crime

Former idol singer arrested on fraud charges; police say she found victims through dating apps

29 Comments
By Casey Baseel, SoraNews24

Show business is a young person’s game, and that goes double for being an idol singer, where most performers end up retiring before they hit their mid-20s. Take, for example, Juna Yamada. Yamada joined SKE48, the Nagoya-based sister group of Japan’s top idol unit AKB48, in 2013, and she “graduated” from the group in 2019, still a few months shy of her 21st birthday.

At that age, Yamada obviously wasn’t going to be retiring from working life entirely, and her age wasn’t going to be a major problem in terms of starting a career in an entirely different field. Unfortunately, according to the Aichi Prefectural Police, the field she chose to go into was fraud.

▼ Juna Yamada, in her SKE48 days, posing in a way that oddly resembles a mugshot

Screen Shot 2021-03-17 at 11.16.21.png

At some point in time, Yamada made the acquaintance of Hiromu Kurumadachi, the owner of a Nagoya consulting company called THE (each letter, T, H, and E, is pronounced separately). Together they formed a plan in which Yamada would register profiles on dating apps and lure in young, gullible men, not just through her looks and charms, but by also claiming to be an investment expert earning 10 million yen a year through her skillful prediction of currency exchange rate fluctuations and manipulation of binary options. Yamada would then meet up with the men, investigators say, and with coaching from Kurumadachi give them a sales pitch about her “investment logic that guarantees you’ll make a profit,” along with some perfunctory financial mumbo jumbo, then ask them to pay her for her advice.

Aichi Prefectural Police believe these actions constitute criminal misrepresentation and fraud, and on March 16 they arrested Yamada, Kurumadachi (who they describe as the ringleader), and two other accomplices. Kurumadachi denies all of the charges, while Yamada’s current stance is denial of only fraudulent intent, apparently admitting that she did misrepresent herself.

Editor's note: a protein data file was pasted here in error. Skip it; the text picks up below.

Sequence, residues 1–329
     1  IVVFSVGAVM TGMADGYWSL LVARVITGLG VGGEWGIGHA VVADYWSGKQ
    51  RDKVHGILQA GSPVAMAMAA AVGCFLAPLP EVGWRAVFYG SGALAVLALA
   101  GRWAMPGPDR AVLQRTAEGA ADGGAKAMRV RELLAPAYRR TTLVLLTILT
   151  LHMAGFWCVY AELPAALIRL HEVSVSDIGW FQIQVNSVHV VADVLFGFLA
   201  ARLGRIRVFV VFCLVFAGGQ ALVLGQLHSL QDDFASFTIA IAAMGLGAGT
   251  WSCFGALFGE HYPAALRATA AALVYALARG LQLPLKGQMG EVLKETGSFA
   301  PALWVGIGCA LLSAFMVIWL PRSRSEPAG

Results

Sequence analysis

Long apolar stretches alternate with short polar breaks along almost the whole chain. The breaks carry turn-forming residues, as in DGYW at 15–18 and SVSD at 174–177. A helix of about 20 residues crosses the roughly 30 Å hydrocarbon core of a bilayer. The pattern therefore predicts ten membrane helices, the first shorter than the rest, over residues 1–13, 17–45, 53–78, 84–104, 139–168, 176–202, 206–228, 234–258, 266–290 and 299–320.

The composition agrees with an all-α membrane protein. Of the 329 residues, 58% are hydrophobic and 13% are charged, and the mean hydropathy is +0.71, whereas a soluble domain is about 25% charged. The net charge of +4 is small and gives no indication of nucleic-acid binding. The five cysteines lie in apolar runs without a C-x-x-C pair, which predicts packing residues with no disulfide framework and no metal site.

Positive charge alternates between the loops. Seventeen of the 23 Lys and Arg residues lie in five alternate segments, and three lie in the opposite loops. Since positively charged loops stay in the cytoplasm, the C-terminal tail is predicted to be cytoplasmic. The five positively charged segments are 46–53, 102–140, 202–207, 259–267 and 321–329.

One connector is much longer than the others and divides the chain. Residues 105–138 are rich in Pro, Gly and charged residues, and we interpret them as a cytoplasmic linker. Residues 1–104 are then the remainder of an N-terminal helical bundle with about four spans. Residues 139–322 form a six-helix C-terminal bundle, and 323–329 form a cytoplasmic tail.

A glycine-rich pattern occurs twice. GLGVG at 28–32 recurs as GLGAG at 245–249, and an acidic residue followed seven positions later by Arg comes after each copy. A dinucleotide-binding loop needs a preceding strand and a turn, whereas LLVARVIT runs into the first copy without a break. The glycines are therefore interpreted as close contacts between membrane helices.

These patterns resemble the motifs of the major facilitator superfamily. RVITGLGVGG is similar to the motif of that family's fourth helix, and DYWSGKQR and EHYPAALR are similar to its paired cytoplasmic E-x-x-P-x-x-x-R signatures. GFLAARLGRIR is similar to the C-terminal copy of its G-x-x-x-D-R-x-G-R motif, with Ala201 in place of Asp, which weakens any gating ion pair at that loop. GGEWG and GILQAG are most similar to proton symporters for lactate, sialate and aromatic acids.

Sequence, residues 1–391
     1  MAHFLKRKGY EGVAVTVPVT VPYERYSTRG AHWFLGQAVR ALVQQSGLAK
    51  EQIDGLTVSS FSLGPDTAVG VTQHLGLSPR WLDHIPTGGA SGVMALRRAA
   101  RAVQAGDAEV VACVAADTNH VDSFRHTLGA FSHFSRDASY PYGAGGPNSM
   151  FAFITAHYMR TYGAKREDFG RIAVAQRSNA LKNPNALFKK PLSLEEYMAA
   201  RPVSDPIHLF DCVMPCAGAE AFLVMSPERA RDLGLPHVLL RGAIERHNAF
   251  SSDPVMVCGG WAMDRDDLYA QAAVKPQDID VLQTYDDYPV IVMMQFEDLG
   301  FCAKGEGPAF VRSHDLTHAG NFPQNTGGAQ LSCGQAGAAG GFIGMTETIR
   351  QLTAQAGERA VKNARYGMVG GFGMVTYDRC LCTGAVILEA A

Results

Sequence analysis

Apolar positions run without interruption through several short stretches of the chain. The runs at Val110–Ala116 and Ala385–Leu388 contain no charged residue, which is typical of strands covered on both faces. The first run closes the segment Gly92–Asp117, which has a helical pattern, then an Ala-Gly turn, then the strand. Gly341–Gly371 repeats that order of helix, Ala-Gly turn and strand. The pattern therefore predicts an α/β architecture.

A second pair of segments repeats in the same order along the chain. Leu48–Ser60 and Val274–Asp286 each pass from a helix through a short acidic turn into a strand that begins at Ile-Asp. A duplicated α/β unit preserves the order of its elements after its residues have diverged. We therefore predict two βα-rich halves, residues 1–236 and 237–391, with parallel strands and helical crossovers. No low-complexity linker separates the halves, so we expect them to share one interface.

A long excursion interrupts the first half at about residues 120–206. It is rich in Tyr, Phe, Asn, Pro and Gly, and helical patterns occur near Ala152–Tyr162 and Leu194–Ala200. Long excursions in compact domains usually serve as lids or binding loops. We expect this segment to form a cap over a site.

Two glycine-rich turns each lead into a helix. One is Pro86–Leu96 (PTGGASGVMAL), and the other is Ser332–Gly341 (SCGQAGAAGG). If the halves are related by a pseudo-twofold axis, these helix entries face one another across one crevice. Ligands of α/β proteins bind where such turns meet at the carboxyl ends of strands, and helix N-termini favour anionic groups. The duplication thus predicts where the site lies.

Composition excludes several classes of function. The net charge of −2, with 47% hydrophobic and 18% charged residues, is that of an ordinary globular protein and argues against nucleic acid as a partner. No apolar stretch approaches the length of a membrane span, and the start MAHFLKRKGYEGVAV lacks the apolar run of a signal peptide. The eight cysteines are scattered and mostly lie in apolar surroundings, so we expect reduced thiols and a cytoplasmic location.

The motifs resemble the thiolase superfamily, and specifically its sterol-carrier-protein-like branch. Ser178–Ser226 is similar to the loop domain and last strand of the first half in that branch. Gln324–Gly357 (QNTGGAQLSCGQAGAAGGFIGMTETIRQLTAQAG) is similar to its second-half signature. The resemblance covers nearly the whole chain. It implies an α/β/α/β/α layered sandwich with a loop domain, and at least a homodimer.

The arrests stem specifically from a Jan 31, 2020 incident when Yamada met with a man she’d met through a dating app at a hotel lounge in Nagoya and collected 500,000 yen from him for financial advice. In total, though, investigators believe that she and the 24-year-old Kurumadachi defrauded over 100 men Yamada made contact with out of a total of roughly 58 million yen.

Sources: Yahoo! Japan News/CBC TV via Jin, Yomiuri Shimbun, Asahi Shimbun Digital

Read more stories from SoraNews24.

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-- “But she looked 13!” is no excuse in the eyes of the Japanese law, 40-something man learns

-- Heroic Japanese convenience store owner saves foreigner from online scam artist

© SoraNews24

©2021 GPlusMedia Inc.

29 Comments

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This young lady is guilty of all charges and should be punished for preying on weak minded men.

8 ( +15 / -7 )

...*during her formative years as an idol... *

6 ( +7 / -1 )

P. SmithToday  07:41 am JST

This young lady is guilty of all charges and should be punished for preying on weak minded men.

Until she's either admitted to the charges without being under duress, or been tried in court and proved guilty beyond reasonable doubt based on the evidence, how can you claim what you did?

I'm not defending Yamada's behavior one way or the other, but innocent until proven guilty and all that..., right?

9 ( +9 / -0 )

by also claiming to be an investment expert earning 10 million yen a year through her skillful prediction of currency exchange rate fluctuations and manipulation of binary options. Yamada would then meet up with the men, investigators say, and with coaching from Kurumadachi give them a sales pitch about her “investment logic that guarantees you’ll make a profit,” along with some perfunctory financial mumbo jumbo, then ask them to pay her for her advice.

wait, that's exactly what my friends working in finance consulting are doing...

financial mumbo jumbo, a fat fee, if something turns out to be as predicted bingo, if not, that's the market

1 ( +2 / -1 )

Fraud as an idol = arrest. Corruption and bribery as a government official = "I wasn't aware this is illegal" and everything is fine. Despite both being completely the same.

10 ( +10 / -0 )

A fool and his money.......

9 ( +9 / -0 )

Do the hustleToday 10:46 am JST

A fool and his money.......

were lucky to get together in the first place (Gordon Gekko, Wall Street)

4 ( +4 / -0 )

There's something missing in that photo. Some numbers should be in the background, like 1.4m 1.5m 1.6m 1.7m

0 ( +2 / -2 )

Pukey: Best comment on this thread by far.

3 ( +5 / -2 )

Together they formed a plan in which Yamada would register profiles on dating apps and lure in young, gullible men, not just through her looks and charms, but by also claiming to be an investment expert earning 10 million yen a year through her skillful prediction of currency exchange rate fluctuations and manipulation of binary options.

I want my money back!

2 ( +2 / -0 )

@P. Smith

others can just as easily dig

I did a bit a digging, like past article about arrests :